Building Note-taking Skills, Part II
If you read my last post HERE, you know that I believe it is important for students to have good note-taking skills as they enter high school, college, and career. And there are some simple ways to build these skills.
Previously, I talked about how it is important for students to get proficient in summarizing material. This builds their ability to take a large amount of information and distill it down to the major points. After all, that is pretty much what note-taking is, isn’t it?
Taking notes does not mean that the student writes down EVERYTHING that is said in the way a court reporter does. That is not note-taking. In fact, unless you are professionally trained in shorthand or other abbreviation constructs, then you will not be ABLE to write as fast as a person can speak. Instead, you are expected to take good notes, sifting through the sentences coming out of the lecturer’s mouth and determining what is significant and what is not.
Why is this so important? Well, one reason is that taking notes presents you with two opportunities to learn the information presented. One opportunity is during class while you are taking the notes and the other is when you review the notes during study times. Another reason to take notes is that when you write notes in an organized manner, you are better able to see the overall organization of the information presented, and this will help you to identify the central ideas given and the overall flow of thinking.
Additionally, when you write information as well as listen to it, you are more likely to remember the material better. This is actually a proven fact: when students record information to study, they will more easily remember it later and will do better on exams.
Finally, taking notes helps you to maintain your concentration in class. Less daydreaming will occur if you are actively involved in the lecture by note-taking. This is especially helpful if you have one of those “less than interesting” professors.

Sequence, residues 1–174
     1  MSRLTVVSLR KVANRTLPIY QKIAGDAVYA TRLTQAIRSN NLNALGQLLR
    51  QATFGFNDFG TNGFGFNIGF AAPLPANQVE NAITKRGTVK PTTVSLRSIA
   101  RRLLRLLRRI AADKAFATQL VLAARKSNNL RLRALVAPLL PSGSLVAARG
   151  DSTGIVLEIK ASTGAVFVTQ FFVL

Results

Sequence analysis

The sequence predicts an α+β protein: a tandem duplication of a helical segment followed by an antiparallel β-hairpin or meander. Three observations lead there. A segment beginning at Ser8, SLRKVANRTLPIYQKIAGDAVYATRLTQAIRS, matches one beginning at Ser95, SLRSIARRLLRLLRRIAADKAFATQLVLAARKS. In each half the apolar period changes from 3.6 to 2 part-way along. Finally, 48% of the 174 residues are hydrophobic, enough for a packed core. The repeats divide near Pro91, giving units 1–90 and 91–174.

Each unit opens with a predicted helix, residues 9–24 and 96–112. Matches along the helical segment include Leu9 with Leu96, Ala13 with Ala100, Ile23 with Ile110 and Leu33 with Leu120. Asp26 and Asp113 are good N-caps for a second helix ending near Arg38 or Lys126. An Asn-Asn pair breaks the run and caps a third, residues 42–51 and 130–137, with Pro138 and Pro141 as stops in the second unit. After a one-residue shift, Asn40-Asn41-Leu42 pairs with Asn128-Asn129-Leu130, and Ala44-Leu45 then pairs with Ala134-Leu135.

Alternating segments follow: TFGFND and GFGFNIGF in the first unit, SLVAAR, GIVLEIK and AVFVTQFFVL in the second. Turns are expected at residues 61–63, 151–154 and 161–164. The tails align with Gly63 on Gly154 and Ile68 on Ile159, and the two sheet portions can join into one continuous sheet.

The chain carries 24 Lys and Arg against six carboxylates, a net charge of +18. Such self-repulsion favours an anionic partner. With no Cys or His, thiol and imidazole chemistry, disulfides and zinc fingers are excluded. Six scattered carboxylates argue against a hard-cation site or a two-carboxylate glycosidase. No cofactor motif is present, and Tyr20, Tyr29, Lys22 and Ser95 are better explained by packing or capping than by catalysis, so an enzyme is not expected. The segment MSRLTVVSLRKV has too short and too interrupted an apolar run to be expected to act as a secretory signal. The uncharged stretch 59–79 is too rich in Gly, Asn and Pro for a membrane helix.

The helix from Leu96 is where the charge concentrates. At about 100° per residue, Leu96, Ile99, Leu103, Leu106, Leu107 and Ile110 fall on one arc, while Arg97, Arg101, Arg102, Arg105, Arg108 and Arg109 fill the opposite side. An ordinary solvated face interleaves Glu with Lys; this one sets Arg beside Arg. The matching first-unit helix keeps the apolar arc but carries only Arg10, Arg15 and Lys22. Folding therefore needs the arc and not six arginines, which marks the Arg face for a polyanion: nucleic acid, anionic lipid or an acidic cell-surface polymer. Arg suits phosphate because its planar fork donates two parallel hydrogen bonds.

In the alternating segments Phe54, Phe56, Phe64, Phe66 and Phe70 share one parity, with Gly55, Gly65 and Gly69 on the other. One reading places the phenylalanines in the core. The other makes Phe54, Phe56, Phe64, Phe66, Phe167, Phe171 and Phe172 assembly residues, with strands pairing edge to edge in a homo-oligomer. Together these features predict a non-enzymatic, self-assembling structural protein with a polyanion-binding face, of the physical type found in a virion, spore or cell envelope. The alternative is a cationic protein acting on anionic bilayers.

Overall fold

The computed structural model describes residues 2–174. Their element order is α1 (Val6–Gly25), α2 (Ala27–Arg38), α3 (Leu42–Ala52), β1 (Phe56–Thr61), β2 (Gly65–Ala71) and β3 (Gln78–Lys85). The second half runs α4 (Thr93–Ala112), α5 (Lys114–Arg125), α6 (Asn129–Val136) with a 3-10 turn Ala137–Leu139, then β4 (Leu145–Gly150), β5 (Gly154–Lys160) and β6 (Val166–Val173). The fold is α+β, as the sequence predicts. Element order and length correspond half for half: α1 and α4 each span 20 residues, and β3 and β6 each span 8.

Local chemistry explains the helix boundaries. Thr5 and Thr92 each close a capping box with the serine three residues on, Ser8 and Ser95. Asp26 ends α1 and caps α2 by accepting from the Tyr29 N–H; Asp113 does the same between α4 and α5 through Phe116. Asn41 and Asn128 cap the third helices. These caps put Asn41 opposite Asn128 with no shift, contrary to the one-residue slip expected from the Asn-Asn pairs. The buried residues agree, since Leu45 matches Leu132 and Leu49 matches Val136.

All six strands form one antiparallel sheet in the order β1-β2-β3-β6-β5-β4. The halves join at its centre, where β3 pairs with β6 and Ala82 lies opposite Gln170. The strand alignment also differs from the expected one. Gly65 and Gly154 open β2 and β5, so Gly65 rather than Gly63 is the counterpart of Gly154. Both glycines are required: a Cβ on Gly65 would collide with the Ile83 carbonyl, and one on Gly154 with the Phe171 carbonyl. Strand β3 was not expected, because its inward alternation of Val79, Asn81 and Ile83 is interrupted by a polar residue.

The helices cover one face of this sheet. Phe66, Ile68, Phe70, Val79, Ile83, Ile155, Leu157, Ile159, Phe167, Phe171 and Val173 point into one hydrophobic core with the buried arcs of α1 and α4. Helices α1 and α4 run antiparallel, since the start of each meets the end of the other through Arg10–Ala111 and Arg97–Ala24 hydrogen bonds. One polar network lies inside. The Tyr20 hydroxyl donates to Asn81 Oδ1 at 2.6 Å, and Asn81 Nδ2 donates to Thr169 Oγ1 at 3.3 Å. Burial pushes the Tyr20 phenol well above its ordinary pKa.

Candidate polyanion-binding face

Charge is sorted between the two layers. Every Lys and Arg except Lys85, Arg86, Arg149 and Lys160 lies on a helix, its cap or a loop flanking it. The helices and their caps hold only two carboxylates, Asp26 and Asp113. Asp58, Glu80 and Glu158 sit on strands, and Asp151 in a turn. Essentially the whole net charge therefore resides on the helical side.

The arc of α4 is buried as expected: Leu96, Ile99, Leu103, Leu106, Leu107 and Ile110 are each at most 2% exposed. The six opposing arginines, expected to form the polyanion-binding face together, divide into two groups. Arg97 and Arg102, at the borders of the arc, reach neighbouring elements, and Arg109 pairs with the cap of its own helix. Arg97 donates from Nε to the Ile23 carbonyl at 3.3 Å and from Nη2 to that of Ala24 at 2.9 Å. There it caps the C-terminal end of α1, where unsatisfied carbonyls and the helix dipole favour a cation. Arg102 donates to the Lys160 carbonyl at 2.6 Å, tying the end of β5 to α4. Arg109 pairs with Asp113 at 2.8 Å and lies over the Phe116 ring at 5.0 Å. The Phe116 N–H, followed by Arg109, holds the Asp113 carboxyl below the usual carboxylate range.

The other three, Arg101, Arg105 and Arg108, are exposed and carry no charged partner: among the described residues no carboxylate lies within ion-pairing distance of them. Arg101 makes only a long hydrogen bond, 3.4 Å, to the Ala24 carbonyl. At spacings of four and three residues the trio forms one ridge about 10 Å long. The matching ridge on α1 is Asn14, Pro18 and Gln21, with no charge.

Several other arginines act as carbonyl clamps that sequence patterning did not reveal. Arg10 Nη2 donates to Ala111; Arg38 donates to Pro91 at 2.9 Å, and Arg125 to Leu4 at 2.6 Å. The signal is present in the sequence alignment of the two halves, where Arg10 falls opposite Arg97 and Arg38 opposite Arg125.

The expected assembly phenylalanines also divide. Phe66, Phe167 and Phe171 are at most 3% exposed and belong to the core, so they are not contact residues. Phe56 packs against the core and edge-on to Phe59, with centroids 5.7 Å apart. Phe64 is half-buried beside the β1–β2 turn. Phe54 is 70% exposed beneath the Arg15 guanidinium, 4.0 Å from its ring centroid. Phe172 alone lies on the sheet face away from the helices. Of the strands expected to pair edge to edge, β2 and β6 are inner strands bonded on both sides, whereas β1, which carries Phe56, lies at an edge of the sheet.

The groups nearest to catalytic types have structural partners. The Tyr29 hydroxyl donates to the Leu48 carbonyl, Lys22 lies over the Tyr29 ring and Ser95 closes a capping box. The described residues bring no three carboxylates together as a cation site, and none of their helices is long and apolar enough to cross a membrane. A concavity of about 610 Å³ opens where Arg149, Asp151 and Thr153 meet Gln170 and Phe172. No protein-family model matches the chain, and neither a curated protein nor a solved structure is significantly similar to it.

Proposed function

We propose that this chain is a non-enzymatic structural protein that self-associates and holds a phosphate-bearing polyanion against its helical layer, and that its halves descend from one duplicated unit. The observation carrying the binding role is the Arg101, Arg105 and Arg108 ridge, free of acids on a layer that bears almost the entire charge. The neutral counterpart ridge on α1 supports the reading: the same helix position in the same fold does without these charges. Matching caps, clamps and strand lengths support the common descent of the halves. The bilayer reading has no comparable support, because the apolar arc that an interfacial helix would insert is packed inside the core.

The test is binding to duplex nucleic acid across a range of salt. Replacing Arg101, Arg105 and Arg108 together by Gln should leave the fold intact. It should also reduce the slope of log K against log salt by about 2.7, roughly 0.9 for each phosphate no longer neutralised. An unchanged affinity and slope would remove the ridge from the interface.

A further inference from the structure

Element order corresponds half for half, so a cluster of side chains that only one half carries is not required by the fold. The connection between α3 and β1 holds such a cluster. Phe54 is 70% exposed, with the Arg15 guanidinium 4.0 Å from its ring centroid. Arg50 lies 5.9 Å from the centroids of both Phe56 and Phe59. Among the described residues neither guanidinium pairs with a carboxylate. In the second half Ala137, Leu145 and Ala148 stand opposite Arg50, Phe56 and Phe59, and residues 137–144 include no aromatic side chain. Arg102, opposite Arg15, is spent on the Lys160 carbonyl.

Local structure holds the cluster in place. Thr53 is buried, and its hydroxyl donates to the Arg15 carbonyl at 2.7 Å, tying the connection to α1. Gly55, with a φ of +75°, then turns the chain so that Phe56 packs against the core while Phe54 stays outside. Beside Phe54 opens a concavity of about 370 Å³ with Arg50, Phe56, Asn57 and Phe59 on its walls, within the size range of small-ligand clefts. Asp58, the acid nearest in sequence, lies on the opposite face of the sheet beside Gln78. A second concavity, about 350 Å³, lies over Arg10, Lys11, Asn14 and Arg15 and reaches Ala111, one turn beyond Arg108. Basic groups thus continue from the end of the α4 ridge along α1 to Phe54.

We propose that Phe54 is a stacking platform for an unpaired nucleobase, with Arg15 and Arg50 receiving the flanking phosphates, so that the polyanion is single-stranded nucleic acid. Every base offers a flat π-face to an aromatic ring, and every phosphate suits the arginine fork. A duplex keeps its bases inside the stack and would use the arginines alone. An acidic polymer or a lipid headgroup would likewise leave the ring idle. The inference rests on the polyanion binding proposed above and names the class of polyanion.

There are many more benefits to taking notes, but let’s get into some practical helps!
Let’s say you are sitting down to listen to a lecture or a presentation. How do you know what to write down? Well, there is not one easy answer to this because there are innumerable ways that people present information. Often, a lecturer will use a Power Point presentation that includes an outline from which he or she will speak. Well, if that happens, you are fortunate, because you can just write down the outline headings as each one is addressed. Then you can fill in extra information in each section as it is presented.
But what if there is no outline? Or what if there are just one or two points given? In that case, you need to begin to listen for signal words. You see, instructors don’t do a song and dance when an important idea is given. But often they give you verbal helps to clue you in to what they are doing. For example, they may introduce new information using signal words, just like I did in this sentence. The words, “for example,” can clue you in to an important point or explanation of a topic.
Here are some specific verbal signal words:
“An important point to remember is…”
“You need to know that…”
“The main idea here is…”
“There are 4 reasons why…” (and here they come, get ready to write numbers 1-4!)
“This will be on the test.” (I know this is an obvious one, but I can’t tell you how many students would just stare at me when I would say this.)
A new idea is coming if you hear:
“First,” “Second,” or “Third”
“On the other hand…”
“Similarly” or “In contrast”
“Also” or “Furthermore”
Sometimes a lecturer will have a louder voice when moving to a new topic. This means that if you are writing notes in outline form, you may be adding another point. Another way to signal a new topic is with a pause. This often means that the lecturer has completed a thought or idea and is getting ready to go on to another one.
Now a lecturer may also give you a clue that a specific point is important by repeating it. Remember…in a lecture or presentation, time is often limited. So if you hear a point repeated, you can be pretty sure that it is important. Write that point down!
Also, if a lecturer takes time to turn around and write something on the board, you should be writing it as well. Any idea that is written on a board or put on a Power Point slide is likely to be important.
Finally, you can identify that a summary is coming if you hear words such as: therefore, in conclusion, as a result, in summary, or finally (see what I just did there?).
Once a student has been alerted to and on the lookout for word signals, their ability to take notes will greatly improve. They will be identifying the verbal clues given by the lecturer to help them follow along with the organized structure of the lecture, whether they are given an outline or not.
In the next post, I will go over how to organize your notes as you write them, and then we’ll go over specific “note-hand” that helps students to write or type lots of information more quickly.
I have actually put all this material into a small note-taking booklet that includes much, much more information, but at present it is not available. As I go through this blog series, if there is much interest, I will likely make it available as a very inexpensive download. I would appreciate any feedback on this!
Have an extraordinary day!
~Sherri Click HERE for Part III!